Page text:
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Cortright's 'The 46ers' airing on WMHT

Cortright's 'The 46ers' airing on WMHT

Offers breathtaking views of the Adirondacks
Cortright's 'The 46ers' airing on WMHT
Luke Manion, left, and Matt Dam check out the scenery in the High Peaks in the film by Blake Cortright, inset.
Photographer: photos provided

Seven years after Blake Cortright's first documentary, a 26-minute look at the history of the Boy Scouts, aired on WMHT-Channel 17, he's back again with an hour-long film on the Adirondack Mountains.

"The 46ers," to be televised Monday night at 7:30 p.m., not only has film footage from the top of Mount Marcy, it also offers breathtaking views  from high above the High Peaks.

Cortright was a 10th grader at Shaker High in 2010 when he first immersed himself in Adirondack Mountain history to produce "The First Encampment," a film that celebrated 100 years of the Boys Scouts. His second documentary project began back in 2012 and was done in 2015. It was originally picked up by WCNY in Syracuse early last year and has been shown on PBS stations around the country. WMHT fans get their first look at it Monday night.

"In August of 2012 my brother, my dad and I hiked the tallest peak in New York, Mt. Marcy, as part of a trip we had planned," said Cortight. "We were looking to do six High Peaks over a three-day weekend, and we ended up just doing three. We walked away with a new sense of humility toward the mountains, and also a reverence that grew more and more as I spent more time on the project."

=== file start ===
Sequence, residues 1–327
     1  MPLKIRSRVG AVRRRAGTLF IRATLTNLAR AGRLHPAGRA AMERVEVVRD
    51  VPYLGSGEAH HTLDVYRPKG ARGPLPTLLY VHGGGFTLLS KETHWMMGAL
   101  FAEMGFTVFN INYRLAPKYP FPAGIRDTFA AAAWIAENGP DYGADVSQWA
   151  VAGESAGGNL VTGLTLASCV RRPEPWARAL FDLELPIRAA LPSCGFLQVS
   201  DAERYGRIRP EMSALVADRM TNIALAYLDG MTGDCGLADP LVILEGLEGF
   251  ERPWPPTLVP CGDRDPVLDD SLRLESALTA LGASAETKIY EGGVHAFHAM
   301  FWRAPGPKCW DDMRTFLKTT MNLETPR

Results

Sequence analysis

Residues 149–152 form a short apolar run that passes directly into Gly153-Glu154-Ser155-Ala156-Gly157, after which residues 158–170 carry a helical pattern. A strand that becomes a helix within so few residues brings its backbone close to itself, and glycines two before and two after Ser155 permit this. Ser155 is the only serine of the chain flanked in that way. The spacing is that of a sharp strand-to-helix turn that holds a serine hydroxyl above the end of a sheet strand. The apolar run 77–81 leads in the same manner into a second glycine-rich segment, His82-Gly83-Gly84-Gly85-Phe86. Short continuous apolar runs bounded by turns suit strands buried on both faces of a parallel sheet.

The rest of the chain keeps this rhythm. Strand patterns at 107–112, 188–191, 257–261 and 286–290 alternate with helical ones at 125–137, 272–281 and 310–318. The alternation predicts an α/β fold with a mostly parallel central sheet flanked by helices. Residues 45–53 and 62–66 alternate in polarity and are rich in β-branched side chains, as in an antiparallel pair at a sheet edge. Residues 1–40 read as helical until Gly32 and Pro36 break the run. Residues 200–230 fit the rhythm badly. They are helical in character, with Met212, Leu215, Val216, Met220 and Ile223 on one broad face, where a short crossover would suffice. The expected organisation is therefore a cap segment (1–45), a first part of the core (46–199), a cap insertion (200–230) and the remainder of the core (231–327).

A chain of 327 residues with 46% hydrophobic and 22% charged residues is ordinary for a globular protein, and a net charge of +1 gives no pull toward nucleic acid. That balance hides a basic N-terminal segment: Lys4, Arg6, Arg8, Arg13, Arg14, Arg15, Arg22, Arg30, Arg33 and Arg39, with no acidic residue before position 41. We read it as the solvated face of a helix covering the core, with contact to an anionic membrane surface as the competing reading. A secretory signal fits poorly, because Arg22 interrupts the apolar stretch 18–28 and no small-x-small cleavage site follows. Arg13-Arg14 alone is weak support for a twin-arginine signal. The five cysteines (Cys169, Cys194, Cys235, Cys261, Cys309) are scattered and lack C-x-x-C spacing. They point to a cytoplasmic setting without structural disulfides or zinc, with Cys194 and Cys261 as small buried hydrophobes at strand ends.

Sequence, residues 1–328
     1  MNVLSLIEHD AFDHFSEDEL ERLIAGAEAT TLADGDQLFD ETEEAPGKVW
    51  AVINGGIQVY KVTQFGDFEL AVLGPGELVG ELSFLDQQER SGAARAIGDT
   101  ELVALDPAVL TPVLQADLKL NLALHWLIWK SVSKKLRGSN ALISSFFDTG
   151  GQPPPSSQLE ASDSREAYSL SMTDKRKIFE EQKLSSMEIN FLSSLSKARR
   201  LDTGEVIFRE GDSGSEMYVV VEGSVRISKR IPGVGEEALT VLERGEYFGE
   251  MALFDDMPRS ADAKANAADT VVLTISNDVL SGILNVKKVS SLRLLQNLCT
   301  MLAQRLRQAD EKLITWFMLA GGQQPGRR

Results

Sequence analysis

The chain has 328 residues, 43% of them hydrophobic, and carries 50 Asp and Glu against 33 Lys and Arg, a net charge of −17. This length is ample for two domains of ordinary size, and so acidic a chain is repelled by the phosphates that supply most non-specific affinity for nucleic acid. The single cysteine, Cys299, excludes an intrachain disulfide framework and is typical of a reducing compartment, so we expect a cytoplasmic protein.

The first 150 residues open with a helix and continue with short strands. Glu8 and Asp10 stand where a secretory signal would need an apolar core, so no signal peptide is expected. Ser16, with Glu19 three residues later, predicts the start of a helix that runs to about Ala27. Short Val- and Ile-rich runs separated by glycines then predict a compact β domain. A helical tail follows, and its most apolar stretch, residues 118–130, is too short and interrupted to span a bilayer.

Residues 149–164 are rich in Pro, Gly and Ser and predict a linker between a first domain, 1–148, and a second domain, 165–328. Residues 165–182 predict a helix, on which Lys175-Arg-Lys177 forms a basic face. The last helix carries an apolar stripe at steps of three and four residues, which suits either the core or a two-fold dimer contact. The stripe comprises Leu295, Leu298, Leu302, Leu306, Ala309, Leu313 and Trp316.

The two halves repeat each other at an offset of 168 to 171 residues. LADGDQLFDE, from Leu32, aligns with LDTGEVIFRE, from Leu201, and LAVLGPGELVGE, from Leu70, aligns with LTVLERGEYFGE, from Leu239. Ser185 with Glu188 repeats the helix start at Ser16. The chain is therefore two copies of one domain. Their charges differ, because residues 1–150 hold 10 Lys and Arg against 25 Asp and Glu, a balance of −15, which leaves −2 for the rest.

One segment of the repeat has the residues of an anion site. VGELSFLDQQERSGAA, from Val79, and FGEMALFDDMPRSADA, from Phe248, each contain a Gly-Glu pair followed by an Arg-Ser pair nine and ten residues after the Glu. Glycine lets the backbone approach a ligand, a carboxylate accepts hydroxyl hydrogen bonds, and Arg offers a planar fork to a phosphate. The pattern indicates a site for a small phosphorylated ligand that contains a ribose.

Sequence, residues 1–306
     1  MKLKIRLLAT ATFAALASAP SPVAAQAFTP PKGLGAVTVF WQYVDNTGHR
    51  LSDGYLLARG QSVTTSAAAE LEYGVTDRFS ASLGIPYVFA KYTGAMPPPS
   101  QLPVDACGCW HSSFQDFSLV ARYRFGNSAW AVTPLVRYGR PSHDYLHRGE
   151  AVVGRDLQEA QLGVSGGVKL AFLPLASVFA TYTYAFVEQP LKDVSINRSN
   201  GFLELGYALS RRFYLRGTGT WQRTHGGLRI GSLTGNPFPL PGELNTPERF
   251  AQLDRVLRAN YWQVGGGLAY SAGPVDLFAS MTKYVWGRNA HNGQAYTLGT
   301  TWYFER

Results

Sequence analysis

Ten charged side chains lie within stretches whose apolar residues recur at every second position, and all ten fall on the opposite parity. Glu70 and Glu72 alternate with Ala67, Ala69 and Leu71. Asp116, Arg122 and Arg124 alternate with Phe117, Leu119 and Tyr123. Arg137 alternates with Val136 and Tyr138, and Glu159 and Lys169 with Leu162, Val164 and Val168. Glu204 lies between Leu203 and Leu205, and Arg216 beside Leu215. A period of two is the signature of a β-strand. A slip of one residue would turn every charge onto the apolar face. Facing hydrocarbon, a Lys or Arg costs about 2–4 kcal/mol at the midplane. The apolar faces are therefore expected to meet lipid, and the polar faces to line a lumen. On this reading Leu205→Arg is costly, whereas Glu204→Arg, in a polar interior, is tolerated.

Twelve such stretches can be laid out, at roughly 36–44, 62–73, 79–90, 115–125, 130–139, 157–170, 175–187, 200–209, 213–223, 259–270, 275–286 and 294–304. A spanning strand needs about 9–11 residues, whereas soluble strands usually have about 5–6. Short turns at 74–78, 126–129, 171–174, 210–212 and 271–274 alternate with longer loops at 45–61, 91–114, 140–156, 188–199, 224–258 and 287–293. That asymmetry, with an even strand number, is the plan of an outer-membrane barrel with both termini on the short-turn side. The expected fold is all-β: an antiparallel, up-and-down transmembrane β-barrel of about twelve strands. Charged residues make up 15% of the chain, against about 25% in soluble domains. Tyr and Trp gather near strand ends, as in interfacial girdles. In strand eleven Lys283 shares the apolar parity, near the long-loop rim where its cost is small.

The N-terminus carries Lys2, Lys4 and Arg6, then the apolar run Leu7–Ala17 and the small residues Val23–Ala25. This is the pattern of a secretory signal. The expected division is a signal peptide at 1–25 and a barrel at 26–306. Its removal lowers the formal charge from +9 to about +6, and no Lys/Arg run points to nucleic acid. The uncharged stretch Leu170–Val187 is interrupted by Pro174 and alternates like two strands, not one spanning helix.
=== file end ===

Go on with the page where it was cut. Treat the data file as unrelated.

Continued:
Cortright's film focuses on the love for the Adirondacks demonstrated by members of The 46ers, an exclusive group of outdoor enthusiasts who have climbed all 46 peaks in the Adirondacks measuring more than 4,000 feet.

"My original plan when I started this was to have climbed all 46 by the time I had this project done," said Cortright. "I hurt my knee so that slowed me down, but I will finish them some day."

After he graduated from Shaker High in 2011, Cortright attended Regent University in Virginia Beach on a full academic scholarship to study film-making. With his college education out of the way in 2015, Cortright went to work for the Regional Office of Sustainable Tourism in Lake Placid, a not-for-profit marketing organization promoting Essex County.

"I spent my last two years up there in Lake Placid and now I'm back home in the Capital District promoting my film and doing freelance work," said Cortright. "I had done a lot of cinematography at Regent and been involved in some short films, but 'The 46ers' is my second film. I was very happy to get picked up by WCNY in Syracuse, and now we've been broadcast on 25 PBS stations in 15 different states. WCNY was the presenting station, and they have made it available for a national audience, and now WMHT has picked it up."

Cortright said his film should be interesting for both outdoor lovers and history buffs.

"The documentary is saturated in history, but I don't get into a lot of detail other than stuff directly relating to the  46ers," said Cortright. "I use some historic photos, but most of the film is the stunning visual footage that my crew and I were able to come up with."

Cortright has already started thinking about his third film.

"It's not going to be a documentary," he said. "It's in its early stages, but it's going to be a narrative feature film, a movie with actors."



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